England's footballers are on their way in Germany in search of World Cup glory.
No, this isn’t a case of déjà vu – this return trip might just end very differently from our sorry exit earlier this summer.
Back then it was Sven-Goran Eriksson, David Beckham and his multi-million-pound team-mates who are over-hyped, over-priced and (briefly) over-there.
Now, though, it will be 18 non-league players looking to do their country proud as the Learning Disabilities World Cup kicks off at the end of this month.
And England start in the strange role of defending champions, having followed in Ronaldo and Ronaldinho's gilded footsteps in Japan four years ago.
Their warm-up games have rather more impressive than Sven's minnow-slaying defears of Hungary and Jamaica - a 6-1 win over Germany and a 10-0 trouncing of France.
Star players include the appropriately-named striker Tony Boot and wonderkid ‘keeper Harry Hunter, who was just 16 when he won a winners' medal in 2002.
Like the Charlton brothers in 1966, England's 2002 side also boasted a pair of brothers - Frank and Scott Curley.
Frank, a defender, and Scott, a midfield, could be crucial again this summer, alongside captain and former Tottenham Hotspur trainee Ronnie Watson.
LD football follows the same rules as the mainstream game, but only players with an IQ of below 75 can take part.
Many of England's squad started their careers with professional clubs, but have been held back by behavioural problems and the stigma of learning difficulties.
Striker Bertie Brayley played a starring role alongside Joe Cole and Michael Carrick when West Ham won the FA Youth Cup in 1999.
While Cole and Carrick have flourished in the Premiership and for England’s senior side, Brayley has slipped down the divisions and out of professional football.
Manager Lyndon Lynch (above) said: “Who’s to say there aren’t professional players out there who do have learning disabilities? Some of my players have been at top clubs.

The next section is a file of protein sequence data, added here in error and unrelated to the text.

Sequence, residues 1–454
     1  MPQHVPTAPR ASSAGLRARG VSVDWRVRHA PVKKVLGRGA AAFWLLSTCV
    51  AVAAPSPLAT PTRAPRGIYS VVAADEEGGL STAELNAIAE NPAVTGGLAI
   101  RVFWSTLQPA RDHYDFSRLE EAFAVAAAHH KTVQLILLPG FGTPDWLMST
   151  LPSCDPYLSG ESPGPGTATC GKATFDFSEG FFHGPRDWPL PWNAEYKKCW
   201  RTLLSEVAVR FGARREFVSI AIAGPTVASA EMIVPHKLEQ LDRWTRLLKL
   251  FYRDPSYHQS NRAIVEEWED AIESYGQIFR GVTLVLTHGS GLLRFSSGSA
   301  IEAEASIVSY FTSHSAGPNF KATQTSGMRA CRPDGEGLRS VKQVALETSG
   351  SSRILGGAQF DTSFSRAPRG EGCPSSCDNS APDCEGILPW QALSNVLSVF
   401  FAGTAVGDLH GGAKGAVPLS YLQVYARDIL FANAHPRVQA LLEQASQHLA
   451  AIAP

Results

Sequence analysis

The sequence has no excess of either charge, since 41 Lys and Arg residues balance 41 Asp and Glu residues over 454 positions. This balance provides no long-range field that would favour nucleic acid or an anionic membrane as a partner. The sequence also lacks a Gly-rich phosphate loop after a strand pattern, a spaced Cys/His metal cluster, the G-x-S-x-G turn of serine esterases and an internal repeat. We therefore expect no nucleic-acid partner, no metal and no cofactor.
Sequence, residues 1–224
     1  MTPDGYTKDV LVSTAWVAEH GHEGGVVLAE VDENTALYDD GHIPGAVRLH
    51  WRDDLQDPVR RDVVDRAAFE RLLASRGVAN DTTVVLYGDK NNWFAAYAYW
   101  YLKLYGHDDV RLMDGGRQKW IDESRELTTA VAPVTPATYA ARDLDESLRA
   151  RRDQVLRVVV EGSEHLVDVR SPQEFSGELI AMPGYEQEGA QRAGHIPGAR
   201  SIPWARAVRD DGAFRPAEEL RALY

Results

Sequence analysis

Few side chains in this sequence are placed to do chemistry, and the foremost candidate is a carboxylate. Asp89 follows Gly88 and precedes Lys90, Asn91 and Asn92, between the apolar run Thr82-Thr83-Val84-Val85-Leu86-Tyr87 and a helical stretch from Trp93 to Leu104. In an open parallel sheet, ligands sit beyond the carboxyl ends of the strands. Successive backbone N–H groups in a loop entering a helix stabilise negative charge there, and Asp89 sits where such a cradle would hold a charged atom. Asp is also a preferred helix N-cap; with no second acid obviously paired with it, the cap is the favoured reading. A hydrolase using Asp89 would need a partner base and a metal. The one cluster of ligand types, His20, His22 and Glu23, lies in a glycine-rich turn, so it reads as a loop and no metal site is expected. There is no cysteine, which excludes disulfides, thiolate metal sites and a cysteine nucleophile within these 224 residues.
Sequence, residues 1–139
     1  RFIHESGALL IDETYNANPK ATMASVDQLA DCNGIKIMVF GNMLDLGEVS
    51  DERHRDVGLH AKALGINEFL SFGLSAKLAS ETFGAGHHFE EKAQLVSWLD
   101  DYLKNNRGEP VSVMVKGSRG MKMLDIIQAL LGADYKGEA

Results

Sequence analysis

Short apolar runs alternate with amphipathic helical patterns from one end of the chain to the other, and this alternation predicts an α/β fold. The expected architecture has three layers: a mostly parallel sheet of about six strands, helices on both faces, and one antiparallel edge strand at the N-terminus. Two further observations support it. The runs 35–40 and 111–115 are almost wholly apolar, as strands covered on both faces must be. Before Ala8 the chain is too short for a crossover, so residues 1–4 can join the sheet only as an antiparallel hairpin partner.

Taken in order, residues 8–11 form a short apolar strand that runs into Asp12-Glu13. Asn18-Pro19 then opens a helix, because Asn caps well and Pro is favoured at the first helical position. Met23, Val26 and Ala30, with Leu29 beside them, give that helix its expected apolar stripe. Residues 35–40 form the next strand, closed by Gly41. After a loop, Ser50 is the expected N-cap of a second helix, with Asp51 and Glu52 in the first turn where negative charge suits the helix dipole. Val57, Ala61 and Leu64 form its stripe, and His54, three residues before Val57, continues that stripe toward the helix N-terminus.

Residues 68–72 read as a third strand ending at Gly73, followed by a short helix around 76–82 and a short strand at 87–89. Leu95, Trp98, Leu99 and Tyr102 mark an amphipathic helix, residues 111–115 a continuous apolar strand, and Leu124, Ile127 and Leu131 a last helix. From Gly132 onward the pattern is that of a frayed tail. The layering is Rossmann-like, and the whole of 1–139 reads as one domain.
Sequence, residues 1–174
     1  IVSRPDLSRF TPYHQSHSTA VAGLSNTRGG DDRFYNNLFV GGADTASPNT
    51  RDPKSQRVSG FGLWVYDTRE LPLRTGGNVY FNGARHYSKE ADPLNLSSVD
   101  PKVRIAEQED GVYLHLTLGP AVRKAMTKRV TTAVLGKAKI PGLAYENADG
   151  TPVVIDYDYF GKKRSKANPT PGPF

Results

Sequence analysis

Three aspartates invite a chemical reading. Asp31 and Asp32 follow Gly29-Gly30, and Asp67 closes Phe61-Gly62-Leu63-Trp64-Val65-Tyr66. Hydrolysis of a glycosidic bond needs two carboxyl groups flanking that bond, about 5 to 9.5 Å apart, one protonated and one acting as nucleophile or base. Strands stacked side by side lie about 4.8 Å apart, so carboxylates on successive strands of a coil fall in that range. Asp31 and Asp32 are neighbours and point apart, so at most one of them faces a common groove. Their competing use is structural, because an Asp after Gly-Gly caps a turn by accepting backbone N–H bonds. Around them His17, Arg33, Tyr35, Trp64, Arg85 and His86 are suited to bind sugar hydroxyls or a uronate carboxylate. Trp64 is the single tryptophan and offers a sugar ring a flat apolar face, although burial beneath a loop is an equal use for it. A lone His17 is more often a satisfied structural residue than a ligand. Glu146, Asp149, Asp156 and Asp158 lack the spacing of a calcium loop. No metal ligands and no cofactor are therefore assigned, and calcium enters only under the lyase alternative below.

“Because of various associated problems, they don’t make it in the professional game.
“Maybe it’s concentration, maybe it’s confidence, maybe it’s behaviour.”
Many Premiership and Football League clubs do run their own LD teams, though – Lynch praises the arrangements at Chelsea, Everton and Crystal Palace, for example.
Players in these sides also tend to turn out for non-league clubs.
Lynch has fostered links with club scouts, coaches, and educational staff, to identify LD players.
He and the FA organise training days and talent weeks across the country, inviting players to turn up for specialist workshops and trials.
He has also set up an under-17s’ squad, which has provided five of the players he will be taking to Germany.
England kick off against South Korea on September 4, then Hungary three days later.
England were crowned the first LD world champions after beating Holland 2-1 in front of 25,000 fans in Yokohama, Japan, four years ago - a few weeks after Brazil beat Germany in the same arena.
They also won the Global Games in Sweden two years later, though Lynch missed the big day of the final due to an eye injury.
Lynch, who took over in 1999 when England were ranked a lowly 12th, said: 'Winning in Yokohama was the best feeling.
'A lot of these players would have faced problems in school and later life, but now they know they can contribute to something special.”